Doctor and patients in Afghanistan

The System Enhancement for Health Action in Transition (SEHAT) Program implemented by the Ministry of Public Health aims to expand the scope, quality, and coverage of health services to the population, particularly the poor, across Afghanistan. The program, estimated at a total value of $407 million, is jointly supported by the Government of Afghanistan with $30 million, IDA Grant $100 million, Health Results Innovation Trust Fund $7 million, and ARTF $270 million. The SEHAT Program, which supports the provision of basic health services and essential hospital services in 21 provinces as well as the Kabul urban area, was approved on June 17, 2013, for a period of five years of funding. The closing date for the project is June 30, 2018. 

Challenge

THE AFGHAN HEALTH SYSTEM has made considerable progress over the period of 2002–2012 due to Ministry of Public Health (MoPH) leadership, sound public health policies, innovative service delivery, careful program monitoring and evaluation, and development assistance. The number of functioning health facilities increased from 496 in 2002 to more than 2,000 in 2012. Data from household surveys (between 2003 and 2011) show significant improvement in the coverage of reproductive and child health services as well as a drop in maternal and child mortality.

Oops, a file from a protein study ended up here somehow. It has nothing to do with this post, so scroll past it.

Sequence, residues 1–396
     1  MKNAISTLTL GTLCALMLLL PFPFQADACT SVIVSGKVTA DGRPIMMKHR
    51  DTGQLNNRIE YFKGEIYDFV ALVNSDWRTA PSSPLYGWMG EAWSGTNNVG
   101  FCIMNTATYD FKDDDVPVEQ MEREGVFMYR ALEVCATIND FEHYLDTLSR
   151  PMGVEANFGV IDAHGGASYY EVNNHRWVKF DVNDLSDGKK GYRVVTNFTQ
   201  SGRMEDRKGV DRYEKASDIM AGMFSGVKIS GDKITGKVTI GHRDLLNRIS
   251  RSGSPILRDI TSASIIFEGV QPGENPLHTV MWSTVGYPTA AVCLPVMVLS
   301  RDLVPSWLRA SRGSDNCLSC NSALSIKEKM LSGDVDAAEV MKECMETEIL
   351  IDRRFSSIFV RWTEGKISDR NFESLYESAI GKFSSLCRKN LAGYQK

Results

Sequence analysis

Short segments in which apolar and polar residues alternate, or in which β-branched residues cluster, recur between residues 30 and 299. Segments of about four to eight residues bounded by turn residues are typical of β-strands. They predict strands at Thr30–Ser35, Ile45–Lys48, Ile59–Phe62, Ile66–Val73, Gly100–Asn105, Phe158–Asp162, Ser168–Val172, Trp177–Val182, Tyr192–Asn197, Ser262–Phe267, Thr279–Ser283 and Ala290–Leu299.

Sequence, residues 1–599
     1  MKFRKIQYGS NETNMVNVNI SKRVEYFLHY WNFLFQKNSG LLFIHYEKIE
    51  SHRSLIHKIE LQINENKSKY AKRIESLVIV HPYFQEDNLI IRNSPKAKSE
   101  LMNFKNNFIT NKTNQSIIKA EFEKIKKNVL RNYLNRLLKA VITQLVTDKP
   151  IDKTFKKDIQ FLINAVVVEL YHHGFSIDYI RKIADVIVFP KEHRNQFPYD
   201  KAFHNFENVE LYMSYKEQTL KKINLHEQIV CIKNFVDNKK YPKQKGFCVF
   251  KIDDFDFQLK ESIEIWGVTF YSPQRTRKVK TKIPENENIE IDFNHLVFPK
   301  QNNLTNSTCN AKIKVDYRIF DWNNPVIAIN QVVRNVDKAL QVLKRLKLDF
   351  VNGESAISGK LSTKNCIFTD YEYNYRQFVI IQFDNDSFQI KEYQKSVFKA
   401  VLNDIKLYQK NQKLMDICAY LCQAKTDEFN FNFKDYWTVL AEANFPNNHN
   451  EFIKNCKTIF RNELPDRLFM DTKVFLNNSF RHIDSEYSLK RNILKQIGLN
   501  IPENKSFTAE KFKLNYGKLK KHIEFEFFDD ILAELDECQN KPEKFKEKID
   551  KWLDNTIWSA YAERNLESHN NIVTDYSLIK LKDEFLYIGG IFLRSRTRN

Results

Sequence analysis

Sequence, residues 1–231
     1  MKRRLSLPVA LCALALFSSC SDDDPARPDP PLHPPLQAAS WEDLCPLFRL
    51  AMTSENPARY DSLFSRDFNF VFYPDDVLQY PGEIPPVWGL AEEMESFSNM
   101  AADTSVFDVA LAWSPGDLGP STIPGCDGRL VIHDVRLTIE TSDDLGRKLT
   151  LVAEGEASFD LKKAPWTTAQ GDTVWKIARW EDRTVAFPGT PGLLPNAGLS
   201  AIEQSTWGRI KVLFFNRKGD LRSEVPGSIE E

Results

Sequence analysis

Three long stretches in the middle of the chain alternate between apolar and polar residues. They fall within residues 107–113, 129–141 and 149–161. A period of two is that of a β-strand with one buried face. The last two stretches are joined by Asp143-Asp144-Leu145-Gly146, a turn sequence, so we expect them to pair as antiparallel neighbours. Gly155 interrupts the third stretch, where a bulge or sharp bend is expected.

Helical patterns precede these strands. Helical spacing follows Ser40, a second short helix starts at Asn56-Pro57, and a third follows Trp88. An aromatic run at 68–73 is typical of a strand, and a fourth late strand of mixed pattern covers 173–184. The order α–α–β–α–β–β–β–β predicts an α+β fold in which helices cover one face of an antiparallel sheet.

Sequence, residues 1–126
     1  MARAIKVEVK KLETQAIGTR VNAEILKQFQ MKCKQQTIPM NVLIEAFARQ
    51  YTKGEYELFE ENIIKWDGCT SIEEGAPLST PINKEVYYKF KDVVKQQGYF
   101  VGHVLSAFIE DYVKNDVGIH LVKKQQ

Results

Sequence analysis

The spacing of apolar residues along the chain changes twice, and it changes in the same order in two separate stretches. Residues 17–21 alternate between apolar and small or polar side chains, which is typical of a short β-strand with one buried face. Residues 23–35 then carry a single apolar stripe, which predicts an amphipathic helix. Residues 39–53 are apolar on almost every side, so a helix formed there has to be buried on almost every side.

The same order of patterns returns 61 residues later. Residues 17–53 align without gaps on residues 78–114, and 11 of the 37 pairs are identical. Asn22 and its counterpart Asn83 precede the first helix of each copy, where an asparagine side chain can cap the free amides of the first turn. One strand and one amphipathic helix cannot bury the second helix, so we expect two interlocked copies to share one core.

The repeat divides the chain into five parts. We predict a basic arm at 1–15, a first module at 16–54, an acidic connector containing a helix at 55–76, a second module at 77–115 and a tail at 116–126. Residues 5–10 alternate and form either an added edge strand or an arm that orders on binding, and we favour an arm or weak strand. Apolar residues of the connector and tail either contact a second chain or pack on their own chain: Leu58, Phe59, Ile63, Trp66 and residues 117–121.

However, despite the aforementioned progress, the country faces significant challenges in the sector. Afghanistan’s infant and under-five mortality rates are still higher than the average for other low-income countries. Afghanistan also has one of the highest levels of child malnutrition in the world. About 40.9 percent of children under-five suffer from chronic malnutrition, and women and children suffer from high levels of vitamin and mineral deficiencies.

Approach

THE HEALTH SECTOR has experienced a significant turnover since the establishment of a new administration in 2002. The government has given the utmost importance to addressing the high maternal and child mortality, especially in rural areas. The MoPH undertook a series of critical and strategic steps: it defined a Basic Package of Health Services (BPHS) and later an Essential Package of Hospital Services (EPHS); and it established a system for contracting on a large scale with international and national nongovernmental organizations (NGOs) for delivery of these services.

The SEHAT Program aims to expand the scope, quality, and coverage of health services provided to the population, particularly the poor, across the country, and to enhance MoPH stewardship functions. The program supports the provision of BPHS and EPHS in both rural and urban areas. It is strengthening the national health system and MoPH’s capacity at central and provincial levels, so it can effectively perform its stewardship functions.


From the time the hospital came under SEHAT support, everything has changed for the better. It has been a blessing for the hospital. We are now able to help keep patients healthier — helping to create a healthier Afghanistan.
 
- head physician, Nangarhar Regional Hospital

Results